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Copenhagen Report II

Hello all.

I hate to post on top of George's trenchant criticism of Arab-focused social media projects, but he tells me I should, so here goes:

I'm not in Copenhagen anymore but am continuing to think through the results of my work there and would like to share another piece of it with you.  If you haven't read my first post, check it out here.

As I mentioned before, my day job is working on a journal that publishes analysis of the Arabic blogosphere written by a mix of journalists and academics.  Here's how this type of research is normally done (This will seem pretty obvious to some, but bear with me):

Step 1: Pick a topic.  Identify a frame based around some political event, type of blogger, or both.  For example: What are Islamist bloggers in Kuwait writing about the recent elections?  How are Egyptian bloggers reacting to the detention of activist X?  How are pro March 14 bloggers in Lebanon framing the investigation into Hariri's murder?

Step 2:  Find some blogs, read them, and talk with people about them.  If you're lucky you will have a few articles on a similar topic to start with.  You can begin by checking the blogs mentioned therein (if they're still around) and work your way out from there.  If not, you can't go wrong with some Google searches or rooting around on Makboob.com or one of the other Arabic blog portals.  In an ideal world you would have time to read at leisure, going through the archives and getting a comparative look at other related content.  The "talking to people" stage is crucial but often, sadly, omitted.

Step 3:  Connect the dots.  Come up with some observations that tie together what you've observed with your larger question and add some analysis, preferably using buzzwords from your academic discipline.  If you are a political scientist, you might discuss network theory or Habermas' "public sphere."  The more anthropologically minded could look at the cultural norms being contested in cyberspace or how new in-groups form online.  Bonus points for including the term "neo-liberal."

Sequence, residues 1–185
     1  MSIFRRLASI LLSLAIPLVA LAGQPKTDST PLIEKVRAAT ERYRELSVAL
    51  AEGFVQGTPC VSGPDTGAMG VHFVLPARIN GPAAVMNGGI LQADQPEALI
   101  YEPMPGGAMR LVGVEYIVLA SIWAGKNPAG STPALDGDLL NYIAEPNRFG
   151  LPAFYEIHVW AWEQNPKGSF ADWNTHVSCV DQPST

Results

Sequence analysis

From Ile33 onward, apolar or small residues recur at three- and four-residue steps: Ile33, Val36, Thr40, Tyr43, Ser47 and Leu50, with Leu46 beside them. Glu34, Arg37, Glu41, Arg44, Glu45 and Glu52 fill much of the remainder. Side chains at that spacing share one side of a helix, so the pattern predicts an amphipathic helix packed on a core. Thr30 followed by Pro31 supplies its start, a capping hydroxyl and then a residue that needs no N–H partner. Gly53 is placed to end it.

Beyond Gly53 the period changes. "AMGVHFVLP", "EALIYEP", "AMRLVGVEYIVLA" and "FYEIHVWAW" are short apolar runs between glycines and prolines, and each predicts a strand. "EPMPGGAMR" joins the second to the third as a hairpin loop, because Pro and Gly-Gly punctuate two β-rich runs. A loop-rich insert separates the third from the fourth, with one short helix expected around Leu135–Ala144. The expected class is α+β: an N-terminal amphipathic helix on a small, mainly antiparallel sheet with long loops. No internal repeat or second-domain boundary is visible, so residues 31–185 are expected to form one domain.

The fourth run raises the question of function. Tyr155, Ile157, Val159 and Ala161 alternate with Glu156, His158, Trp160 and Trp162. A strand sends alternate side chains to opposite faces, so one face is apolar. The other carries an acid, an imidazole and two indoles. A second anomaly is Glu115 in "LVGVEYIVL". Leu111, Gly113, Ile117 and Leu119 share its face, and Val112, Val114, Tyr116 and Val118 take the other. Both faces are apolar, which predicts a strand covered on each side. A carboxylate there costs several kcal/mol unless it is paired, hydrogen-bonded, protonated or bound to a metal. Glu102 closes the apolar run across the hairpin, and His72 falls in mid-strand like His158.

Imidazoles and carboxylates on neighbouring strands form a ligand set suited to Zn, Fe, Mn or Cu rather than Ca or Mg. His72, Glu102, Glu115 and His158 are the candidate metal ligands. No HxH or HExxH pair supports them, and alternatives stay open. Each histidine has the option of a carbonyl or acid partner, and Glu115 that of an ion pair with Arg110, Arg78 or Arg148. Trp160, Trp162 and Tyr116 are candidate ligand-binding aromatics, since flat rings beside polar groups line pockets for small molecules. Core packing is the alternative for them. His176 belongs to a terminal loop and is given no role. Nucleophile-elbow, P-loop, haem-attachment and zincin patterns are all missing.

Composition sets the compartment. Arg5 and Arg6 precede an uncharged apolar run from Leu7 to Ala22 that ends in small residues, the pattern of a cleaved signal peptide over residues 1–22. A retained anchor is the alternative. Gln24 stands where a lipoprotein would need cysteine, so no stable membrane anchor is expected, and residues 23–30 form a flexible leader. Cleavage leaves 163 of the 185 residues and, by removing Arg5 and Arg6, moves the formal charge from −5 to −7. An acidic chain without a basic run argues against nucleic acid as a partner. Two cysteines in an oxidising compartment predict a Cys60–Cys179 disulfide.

Step 4: Proofread, publish, link on your  own blog.  Repeat.

This system works well but it could be much better.  Here are a few of its pitfalls as I see them:

Blogs come and go frequently, just like research projects on them. This tends to magnify the analytical weight given to consistent, all-star bloggers like the Abdel Moneim Mahmoud who can always be relied upon for strongly argued takes on issues of the day. This tendency for a handful of bloggers to be constantly on the radar screen of blog watchers should be apparent to anyone who has attended more than a few of the blogger get togethers that are all the rage these days.

People writing on web trends have an incentive to play up the political and social importance of their subject. This is encouraged by the dearth of good statistics on blogosphere size - both the total number of bloggers writing in Arabic, and the sizes of the individual national blogospheres. Maybe I am wrong about this and am in fact underestimating the popularity of writing and reading blogs. We don't have good data, so we just don't know. The data that exist are rough numerical estimates made at a specific point in time. These guesses tell us little about social and political dynamics.

Manual attempts to map blogger "attention" i.e. the links given to other bloggers and other content around the net are extremely time consuming, and thus rarely complete or analytically useful.

What do all of these problems have in common?  Tune in next week...

Comments on this post

2009-06-02 23:46:21 -0700
neo-liberal and funny.